Jacqueline Harris

Jacqueline Harris says she's going door-to-door to get local politics back in touch with the people.

February 11, 2011|By Joe Piasecki,

Jacqueline Harris would like to have a word with you.

Since announcing her bid for City Council last year, the longtime volunteer Girl Scouts leader, mother of three and 19-year La Cañada Flintridge resident has worked to build a grassroots campaign one conversation at a time.

Foregoing the usual campaign signs, mailers, ballot statements and fundraising efforts, Harris said she has instead spent her time going door-to-door to more than 2,000 homes.

Her effort is one to bring politics back to the people, she explained, believing current council members and city government as a whole have become disconnected from residents.

“I think they need a better feel of the pulse of the community,” said Harris, 48, who in her professional life is a registered nurse specializing in organ transplants. “I haven’t seen anyone at my door since Tony Portantino was running.”


Though she plays up her people skills, Harris, whose husband works as a geologist, is clearly also a multi-tasker.

Harris has a son and daughter attending La Cañada High School’s 7/8 campus and her oldest graduated from LCHS in 2005, but somehow she’s also found time over the years to take to the skies as a recreational pilot.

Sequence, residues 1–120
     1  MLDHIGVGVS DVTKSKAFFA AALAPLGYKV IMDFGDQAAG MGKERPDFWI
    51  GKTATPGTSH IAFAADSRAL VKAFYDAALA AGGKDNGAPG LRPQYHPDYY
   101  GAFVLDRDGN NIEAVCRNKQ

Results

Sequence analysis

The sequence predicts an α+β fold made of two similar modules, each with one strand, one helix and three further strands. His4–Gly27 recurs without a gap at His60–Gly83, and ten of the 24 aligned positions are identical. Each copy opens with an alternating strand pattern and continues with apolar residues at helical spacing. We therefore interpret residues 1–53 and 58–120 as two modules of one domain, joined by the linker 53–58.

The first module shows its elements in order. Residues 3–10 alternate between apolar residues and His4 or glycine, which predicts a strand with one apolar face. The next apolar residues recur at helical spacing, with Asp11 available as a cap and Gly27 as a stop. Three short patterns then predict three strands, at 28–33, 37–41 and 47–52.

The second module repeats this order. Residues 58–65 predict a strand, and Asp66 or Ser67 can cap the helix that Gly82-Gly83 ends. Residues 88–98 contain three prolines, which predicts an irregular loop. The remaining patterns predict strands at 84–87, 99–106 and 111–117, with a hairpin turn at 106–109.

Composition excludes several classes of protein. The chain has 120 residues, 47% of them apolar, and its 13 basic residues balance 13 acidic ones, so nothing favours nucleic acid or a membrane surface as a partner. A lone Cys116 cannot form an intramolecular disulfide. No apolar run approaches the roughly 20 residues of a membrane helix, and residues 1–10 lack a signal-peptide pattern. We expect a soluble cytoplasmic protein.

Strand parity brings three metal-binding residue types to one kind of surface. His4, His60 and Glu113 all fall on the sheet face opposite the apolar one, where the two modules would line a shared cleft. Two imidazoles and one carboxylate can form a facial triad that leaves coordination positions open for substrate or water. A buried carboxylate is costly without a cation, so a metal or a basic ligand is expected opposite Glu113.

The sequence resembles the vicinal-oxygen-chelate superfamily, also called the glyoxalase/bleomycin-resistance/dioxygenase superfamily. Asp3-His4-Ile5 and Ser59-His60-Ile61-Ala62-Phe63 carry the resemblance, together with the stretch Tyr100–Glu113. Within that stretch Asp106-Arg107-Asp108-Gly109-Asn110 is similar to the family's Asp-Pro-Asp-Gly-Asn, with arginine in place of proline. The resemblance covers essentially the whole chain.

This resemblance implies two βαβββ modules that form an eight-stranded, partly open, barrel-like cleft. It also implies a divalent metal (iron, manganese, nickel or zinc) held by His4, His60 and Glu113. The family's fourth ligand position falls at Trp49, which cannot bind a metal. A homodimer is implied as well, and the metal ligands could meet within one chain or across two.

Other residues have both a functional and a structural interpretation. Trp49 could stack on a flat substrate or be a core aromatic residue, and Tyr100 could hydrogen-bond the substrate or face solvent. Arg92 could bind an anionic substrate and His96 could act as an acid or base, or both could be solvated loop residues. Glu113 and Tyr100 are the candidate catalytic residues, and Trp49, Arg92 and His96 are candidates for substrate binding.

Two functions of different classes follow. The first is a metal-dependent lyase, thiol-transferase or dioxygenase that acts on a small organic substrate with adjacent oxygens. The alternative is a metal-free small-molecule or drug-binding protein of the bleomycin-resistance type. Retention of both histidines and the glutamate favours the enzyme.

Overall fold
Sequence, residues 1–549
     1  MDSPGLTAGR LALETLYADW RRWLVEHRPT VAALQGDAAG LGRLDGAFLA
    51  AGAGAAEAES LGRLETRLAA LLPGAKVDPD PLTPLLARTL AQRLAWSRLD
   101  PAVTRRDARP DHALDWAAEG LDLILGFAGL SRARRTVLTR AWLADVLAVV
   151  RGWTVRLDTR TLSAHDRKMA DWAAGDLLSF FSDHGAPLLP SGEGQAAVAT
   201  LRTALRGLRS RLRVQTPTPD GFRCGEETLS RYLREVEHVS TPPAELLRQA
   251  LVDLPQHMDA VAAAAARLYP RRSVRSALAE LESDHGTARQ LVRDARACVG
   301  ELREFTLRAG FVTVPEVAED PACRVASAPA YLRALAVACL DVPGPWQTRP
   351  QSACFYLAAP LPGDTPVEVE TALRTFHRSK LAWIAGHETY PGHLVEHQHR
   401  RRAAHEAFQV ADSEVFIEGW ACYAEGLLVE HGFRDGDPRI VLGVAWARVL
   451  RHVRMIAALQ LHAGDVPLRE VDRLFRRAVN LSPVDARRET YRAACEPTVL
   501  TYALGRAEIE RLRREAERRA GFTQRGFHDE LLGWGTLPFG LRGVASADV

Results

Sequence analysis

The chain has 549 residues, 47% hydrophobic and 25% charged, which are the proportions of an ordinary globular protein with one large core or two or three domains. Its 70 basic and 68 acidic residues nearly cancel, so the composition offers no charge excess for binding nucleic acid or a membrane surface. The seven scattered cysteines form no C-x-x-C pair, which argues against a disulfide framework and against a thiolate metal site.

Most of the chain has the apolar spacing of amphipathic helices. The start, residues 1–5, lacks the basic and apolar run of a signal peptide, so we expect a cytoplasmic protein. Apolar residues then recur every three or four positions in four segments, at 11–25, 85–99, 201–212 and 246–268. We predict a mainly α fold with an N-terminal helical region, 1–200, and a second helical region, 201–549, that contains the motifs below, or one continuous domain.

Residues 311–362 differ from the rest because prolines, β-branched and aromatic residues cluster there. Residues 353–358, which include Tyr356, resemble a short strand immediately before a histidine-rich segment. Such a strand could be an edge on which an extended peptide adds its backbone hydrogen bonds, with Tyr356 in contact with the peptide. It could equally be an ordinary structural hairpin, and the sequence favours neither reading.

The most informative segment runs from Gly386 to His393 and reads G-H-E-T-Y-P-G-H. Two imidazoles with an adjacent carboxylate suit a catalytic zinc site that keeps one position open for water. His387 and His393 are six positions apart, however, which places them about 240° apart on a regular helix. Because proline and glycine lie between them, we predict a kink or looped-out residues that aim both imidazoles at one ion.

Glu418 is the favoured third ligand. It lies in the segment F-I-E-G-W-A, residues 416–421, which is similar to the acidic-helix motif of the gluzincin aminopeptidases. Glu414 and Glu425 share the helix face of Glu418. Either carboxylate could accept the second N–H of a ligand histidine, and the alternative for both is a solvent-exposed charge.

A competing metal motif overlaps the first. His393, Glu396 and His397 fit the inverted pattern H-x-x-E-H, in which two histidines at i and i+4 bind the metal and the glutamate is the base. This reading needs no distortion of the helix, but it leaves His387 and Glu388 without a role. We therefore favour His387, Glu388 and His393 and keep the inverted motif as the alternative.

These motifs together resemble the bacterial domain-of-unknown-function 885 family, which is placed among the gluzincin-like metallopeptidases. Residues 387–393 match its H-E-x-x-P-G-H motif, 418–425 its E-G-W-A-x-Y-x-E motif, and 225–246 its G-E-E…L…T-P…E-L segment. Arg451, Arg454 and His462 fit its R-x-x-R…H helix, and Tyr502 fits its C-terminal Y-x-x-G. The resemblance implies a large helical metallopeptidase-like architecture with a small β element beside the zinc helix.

Valley Sun: Briefly explain why you want to be on the council and your top priority if elected.

Jacqueline Harris: My top priority would be communication. Some of what the City Council is doing is good, but it can be built upon tremendously. The council needs to be more in touch with the residents it serves. I can be out and talk to people instead of sending out mailings and making the occasional phone call.

What would you describe as the city’s most important accomplishment over the past several years?

I’d have to give more kudos to the Sheriff’s Department and the Fire Department with the mudflows. You don’t see City Council unless it’s a parade or there’s something traumatic going on.

What would you identify as a missed opportunity?

Better communication with the county and the state. I think they missed the boat in calling in resources from the state level sooner [to fight the Station fire].

Which personal qualities that you possess are most relevant to being a council member?

Being a people person. I don’t necessarily agree with everybody, but I listen. I empathize with their side of whatever it is, and hopefully I can paint both sides of the picture for them.

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